The exhibition ‘The Road to Van Eyck’ with masterpieces of Netherlandish, French and German painting around 1400 will be shown at Museum Boijmans Van Beuningen this autumn. Extremely valuable and fragile works by Europe’s most important painters of the period, including Jan van Eyck, are coming to Rotterdam from collections in the United States and Europe.
Very few paintings from the period around 1400 have survived. Art from the Low Countries from this period is especially scarce due to the iconoclastic attacks of the Reformation. This autumn Museum Boijmans Van Beuningen is crossing national and linguistic boundaries to present a unique exhibition of the art of the late Middle Ages in what is now the Netherlands, Belgium, Northern France and Germany. ‘The Road to Van Eyck’ shows how Jan van Eyck (Maaseik ?, c.1390 - Bruges 1441) was inspired to develop his revolutionary, realistic style, as exemplified by his masterpiece ‘The Lamb of God’ of 1432. Through his visionary artistic insights, Van Eyck gave his contemporaries a glimpse of paradise. A large number of the works in the exhibition are being loaned by the museum’s partner in this project, the Gemäldegalerie, Staatliche Museen zu Berlin. Because of the high costs involved and the fragility of the works, ‘The Road to Van Eyck’ will be shown only once, exclusively in Rotterdam
Around 1400 there were numerous innovations in painting, developed by artists such as Van Eyck. These art works, many of them lost, provided the essential foundations that Van Eyck and subsequent generations built upon. Artistic ideas, model books, art works and artists travelled extensively throughout Europe. The princes and other local rulers responsible for the most prestigious commissions were in constant contact with each other. The large centres of international trade, such as Paris, Amsterdam and Cologne, also contributed to the exchange of ideas and objects. For this reason, it is often impossible to determine whether a work was made in the Low Countries, France or Germany. The art of the period from around 1390 to 1430 is therefore often referred to as ‘International Gothic’.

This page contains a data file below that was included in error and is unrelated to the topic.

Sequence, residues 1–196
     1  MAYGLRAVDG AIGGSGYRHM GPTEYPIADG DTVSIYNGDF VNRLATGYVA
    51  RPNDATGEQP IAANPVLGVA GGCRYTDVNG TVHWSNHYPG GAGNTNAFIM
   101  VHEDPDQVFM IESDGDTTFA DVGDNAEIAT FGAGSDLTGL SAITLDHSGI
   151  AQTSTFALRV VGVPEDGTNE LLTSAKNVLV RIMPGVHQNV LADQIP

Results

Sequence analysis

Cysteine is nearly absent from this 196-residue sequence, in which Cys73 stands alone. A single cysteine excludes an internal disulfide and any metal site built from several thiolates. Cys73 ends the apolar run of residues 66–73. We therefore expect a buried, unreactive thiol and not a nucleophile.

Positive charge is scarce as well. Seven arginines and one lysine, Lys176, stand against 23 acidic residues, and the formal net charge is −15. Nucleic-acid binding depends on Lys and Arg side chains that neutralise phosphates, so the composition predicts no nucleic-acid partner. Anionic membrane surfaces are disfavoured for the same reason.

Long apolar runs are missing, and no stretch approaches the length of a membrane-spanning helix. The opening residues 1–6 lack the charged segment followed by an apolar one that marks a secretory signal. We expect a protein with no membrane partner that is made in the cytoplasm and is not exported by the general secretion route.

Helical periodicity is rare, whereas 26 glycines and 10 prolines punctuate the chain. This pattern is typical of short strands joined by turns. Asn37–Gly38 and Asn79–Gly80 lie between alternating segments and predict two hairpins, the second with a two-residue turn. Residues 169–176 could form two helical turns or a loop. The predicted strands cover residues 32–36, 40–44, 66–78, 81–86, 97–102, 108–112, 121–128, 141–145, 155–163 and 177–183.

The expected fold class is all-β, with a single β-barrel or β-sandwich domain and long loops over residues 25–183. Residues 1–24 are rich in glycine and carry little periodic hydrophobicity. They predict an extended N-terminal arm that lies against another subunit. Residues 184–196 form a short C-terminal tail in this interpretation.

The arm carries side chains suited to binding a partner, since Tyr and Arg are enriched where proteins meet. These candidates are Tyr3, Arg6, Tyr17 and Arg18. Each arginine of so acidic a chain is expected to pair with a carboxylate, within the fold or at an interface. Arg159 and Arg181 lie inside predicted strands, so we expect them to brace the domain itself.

The exhibition brings together dozens of art works that provided inspiration for Jan van Eyck and his contemporaries. The core of the exhibition is made up of panel paintings, most of them small in format, but also some larger altarpieces. The remainder of the exhibition will comprise drawings, miniatures, tapestries, and decorative works in gold and silver. The highlight of the exhibition is formed by no fewer than seven works by Van Eyck.
The exhibition has been made possible by a private fundraising initiative, which so far has raised 82,000 euros. The restoration of the works by Van Eyck in the museum’s collection has also been funded by a private donor.
The exhibition will be accompanied by a richly illustrated catalogue, edited by the exhibition’s curators: Friso Lammertse, curator at Museum Boijmans Van Beuningen, and Stefan Kemperdick, curator at the Gemäldegalerie in Berlin.
The exhibition has been made possible by Robeco, the Turing Foundation, Ploum Lodder Princen and several cultural foundations.